Elementary Education in India under the British raj:
Destruction or Introduction?
by Hisako Akai

India had been under British rule (raj) for more than two centuries, before its independence in 1947. Indigenous elementary education in India, whose features were flexibility and popularity, was on the decline under the period of expansion of the raj. This paper aims at reviewing the policies on education under the raj until the middle of the 19th century and clarifying problems regarding elementary education and elementary teacher education after independence.

There had been a rich learning tradition in ancient India. There was hardly a village or local community in which there was not at least one school. Further, the school teacher was a man from within the community, who knew the children he taught. Although there teachers taught the rudiments of the 3 R's (reading, writing and arithmetic), they were qualified to impart basic education which had relevance to people's lives. However, instead of promoting education for the Indian masses, the raj created a class of people who would be interpreters between itself and the people of India.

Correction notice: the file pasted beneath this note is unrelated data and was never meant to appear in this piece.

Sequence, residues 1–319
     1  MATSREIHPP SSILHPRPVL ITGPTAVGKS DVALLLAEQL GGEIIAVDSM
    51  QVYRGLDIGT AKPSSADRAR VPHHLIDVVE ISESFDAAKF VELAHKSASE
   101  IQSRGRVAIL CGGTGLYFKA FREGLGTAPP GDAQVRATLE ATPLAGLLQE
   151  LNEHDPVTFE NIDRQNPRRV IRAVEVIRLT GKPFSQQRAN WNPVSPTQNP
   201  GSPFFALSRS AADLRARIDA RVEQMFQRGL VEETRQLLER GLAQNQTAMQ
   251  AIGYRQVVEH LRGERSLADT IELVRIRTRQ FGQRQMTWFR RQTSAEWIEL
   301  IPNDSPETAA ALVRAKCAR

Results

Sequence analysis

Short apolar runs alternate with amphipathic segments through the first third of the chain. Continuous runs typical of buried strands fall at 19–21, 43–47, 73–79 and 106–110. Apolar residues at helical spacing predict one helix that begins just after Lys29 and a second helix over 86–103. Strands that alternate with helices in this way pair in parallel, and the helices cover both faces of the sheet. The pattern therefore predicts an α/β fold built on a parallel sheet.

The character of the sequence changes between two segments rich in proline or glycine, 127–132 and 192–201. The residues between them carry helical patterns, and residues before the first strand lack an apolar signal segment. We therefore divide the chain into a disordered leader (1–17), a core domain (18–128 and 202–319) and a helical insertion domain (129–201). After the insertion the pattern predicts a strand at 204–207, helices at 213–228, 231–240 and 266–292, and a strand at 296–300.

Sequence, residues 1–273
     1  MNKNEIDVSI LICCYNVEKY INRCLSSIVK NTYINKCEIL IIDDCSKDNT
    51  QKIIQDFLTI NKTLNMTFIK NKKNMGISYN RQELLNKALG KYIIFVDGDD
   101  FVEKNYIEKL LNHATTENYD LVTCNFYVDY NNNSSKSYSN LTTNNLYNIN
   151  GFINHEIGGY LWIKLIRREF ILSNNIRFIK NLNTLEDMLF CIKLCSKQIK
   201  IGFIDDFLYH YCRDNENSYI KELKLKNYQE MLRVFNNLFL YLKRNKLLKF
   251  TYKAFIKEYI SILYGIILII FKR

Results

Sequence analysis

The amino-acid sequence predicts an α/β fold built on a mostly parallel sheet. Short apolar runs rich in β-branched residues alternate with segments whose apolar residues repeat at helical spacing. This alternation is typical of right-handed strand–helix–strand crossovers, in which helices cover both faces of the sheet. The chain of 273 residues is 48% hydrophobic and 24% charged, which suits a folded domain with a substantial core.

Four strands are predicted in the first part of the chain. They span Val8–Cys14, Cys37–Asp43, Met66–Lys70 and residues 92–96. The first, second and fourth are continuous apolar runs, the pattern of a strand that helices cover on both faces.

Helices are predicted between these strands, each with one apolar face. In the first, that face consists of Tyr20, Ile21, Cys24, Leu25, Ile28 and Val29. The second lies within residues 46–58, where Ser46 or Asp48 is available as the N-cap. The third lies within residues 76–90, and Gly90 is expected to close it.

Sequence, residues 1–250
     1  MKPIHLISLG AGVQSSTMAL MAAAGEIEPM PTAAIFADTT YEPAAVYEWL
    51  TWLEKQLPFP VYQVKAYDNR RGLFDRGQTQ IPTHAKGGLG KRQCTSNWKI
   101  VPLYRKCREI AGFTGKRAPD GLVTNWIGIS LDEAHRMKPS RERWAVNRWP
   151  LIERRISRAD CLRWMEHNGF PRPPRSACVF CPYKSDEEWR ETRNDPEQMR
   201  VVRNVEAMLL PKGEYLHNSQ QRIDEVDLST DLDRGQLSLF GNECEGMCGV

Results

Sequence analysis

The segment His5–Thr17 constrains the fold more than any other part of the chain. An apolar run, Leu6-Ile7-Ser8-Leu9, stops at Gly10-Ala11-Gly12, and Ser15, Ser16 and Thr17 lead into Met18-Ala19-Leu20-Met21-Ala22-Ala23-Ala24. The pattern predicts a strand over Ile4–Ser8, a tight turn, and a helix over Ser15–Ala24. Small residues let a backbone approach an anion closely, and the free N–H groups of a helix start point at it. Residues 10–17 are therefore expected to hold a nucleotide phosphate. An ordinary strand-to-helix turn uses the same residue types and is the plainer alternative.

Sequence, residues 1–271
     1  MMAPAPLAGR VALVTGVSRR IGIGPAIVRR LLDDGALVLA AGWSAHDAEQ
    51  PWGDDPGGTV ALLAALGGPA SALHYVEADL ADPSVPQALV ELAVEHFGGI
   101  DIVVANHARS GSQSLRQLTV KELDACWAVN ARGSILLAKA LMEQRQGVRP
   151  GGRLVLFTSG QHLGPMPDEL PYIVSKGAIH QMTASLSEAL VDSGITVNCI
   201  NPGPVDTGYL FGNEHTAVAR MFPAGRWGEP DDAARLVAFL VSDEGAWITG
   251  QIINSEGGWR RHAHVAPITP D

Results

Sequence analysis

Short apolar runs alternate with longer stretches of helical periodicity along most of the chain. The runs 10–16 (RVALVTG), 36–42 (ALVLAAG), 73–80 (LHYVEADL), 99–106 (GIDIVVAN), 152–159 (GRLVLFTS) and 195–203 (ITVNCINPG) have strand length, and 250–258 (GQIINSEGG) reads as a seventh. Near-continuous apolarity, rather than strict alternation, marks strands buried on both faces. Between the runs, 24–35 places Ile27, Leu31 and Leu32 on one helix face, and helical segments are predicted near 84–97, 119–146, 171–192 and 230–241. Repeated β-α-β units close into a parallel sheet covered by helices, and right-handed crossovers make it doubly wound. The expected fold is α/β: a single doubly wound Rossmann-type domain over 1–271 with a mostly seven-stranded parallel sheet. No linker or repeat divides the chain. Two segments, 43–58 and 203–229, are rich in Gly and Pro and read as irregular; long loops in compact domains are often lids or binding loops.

In 1854, the raj finally changed its educational policy and introduced a system of education from primary school to university, including teacher education institutions, because they became aware that education could be a prime tool for maintaining its hold on India and also a source of social change. However, participation by Indians in administrative matters was limited. Although the raj stressed the importance of education, its basic purpose was to train peons for Indian government service who worked in a servile manner and lived on meager salaries.

The participation of the Indian people in new modern school education and changing teacher professionalism remained a subject for future review and crucial re-examination.

Key Words: Elementary education, Elementary teacher education, the British raj.